member of the one
world alliance
Methods: Innovation
Innovation is a key method to achieve costs
reductions or differentiation.
Hall & Williams (2008) identify a number of
key drivers of tourism innovation that include:
 competition and protection
 knowledge and creativity
 innovation policies
 firm-led strategies
 entrepreneurship
Review of Key Terms 1
 Strategic Directions: How an entity should develop its products
and services as well as the markets
 Consolidation: Concentrating an organisation's efforts on
existing products and existing markets.
 Market penetration: Increasing market share in exiting markets
using existing products or services.
 Market development: Taking an existing product range into
new market areas.
 Product development: The development of existing products
and the development of completely new products for existing
 Diversification: Moving into completely new products and
markets which are unrelated to an entity’s present portfolio.
 Withdrawal: Removal of product or service or pulling out from a
Review of Key Terms 2
 Strategic methods: How a strategy may be developed by
growth, development, innovation and entrepreneurship.
 Internal growth: Development of markets and products without
recourse to mergers with other organisations.
 Merger: Integration between organisations.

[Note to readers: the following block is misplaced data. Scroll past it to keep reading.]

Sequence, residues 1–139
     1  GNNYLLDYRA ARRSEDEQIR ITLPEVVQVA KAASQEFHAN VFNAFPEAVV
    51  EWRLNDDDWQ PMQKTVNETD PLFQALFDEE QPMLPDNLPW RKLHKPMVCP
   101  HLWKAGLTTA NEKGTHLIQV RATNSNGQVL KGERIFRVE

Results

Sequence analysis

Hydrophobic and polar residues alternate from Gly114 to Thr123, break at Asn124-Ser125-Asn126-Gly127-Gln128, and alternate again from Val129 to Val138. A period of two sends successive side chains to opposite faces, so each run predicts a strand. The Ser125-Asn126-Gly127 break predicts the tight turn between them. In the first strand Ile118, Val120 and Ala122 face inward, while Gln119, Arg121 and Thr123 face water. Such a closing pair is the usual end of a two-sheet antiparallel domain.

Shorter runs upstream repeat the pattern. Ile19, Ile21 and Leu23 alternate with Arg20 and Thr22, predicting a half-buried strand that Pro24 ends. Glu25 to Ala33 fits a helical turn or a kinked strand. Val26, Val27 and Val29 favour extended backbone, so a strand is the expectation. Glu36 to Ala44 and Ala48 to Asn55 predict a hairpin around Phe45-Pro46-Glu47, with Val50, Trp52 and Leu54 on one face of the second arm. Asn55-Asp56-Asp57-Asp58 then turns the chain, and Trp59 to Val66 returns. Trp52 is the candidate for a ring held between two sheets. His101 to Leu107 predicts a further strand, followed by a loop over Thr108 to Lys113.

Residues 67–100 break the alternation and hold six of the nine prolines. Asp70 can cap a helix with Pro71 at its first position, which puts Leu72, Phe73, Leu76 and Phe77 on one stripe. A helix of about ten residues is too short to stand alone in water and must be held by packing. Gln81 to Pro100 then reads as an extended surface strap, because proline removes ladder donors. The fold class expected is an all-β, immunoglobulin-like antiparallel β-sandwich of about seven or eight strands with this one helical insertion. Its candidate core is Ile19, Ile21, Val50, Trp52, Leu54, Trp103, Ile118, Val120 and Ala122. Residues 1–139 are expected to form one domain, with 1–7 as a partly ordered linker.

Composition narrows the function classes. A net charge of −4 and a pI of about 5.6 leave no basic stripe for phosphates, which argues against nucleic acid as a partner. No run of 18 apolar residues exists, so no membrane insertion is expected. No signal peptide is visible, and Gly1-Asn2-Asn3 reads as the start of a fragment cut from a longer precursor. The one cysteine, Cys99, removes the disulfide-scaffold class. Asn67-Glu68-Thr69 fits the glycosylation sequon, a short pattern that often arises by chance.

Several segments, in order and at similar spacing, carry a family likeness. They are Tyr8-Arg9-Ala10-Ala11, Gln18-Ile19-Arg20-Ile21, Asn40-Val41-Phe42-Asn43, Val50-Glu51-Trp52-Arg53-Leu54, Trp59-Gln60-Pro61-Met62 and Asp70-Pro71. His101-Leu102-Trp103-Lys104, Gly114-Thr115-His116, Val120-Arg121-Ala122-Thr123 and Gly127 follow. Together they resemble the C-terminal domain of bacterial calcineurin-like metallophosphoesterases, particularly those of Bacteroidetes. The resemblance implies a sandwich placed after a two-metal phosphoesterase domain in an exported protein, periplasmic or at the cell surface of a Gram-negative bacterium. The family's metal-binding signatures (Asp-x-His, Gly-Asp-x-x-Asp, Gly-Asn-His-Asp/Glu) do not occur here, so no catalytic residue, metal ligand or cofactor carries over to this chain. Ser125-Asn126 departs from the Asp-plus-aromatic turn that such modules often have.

 Horizontal integration: Merger between firms operating at the
same stage of production in the same industry.
 Vertical integration: Where two organisations at different
stages of production in the same industry merge.
 Diversification: Taking over a firm in a different line of business.
 Franchise: New owners and businesses are recruited to
replicate a successful business model.
 Joint venture: Where two or more parties agree to cooperate in
business activities.
 Strategic Alliance: An agreement between two or more parties
to co-operate on some aspects of mutual interest while
remaining independent organizations.
 Innovation: Bringing newness or positive change to products,
processes, thinking, or organizations.
Discussion Questions
1. Examine the advantages and disadvantages to producers and
consumers of the strong vertical integration that is evident in the
package holiday industry.
2. Locate two recent examples of horizontal integration in the tourism
industry and critically evaluate the success of each.
3. Discuss the relative merits of mergers versus alliances for airlines.
4. With reference to a tourism organisation of your choice explain
which of the following methods would be most appropriate for a
programme of international expansion:
• internal growth
• mergers
• franchising
• joint ventures
• alliances
5. How can successful innovation be encouraged on tourism
destinations or business organisations?
Case Study: InterContinental
InterContinental Hotels
The following site includes some data on
InterContinental Hotels’ strategy for growth
through franchising and managing:
Strategy for Tourism
Unit 8
Directions and
The End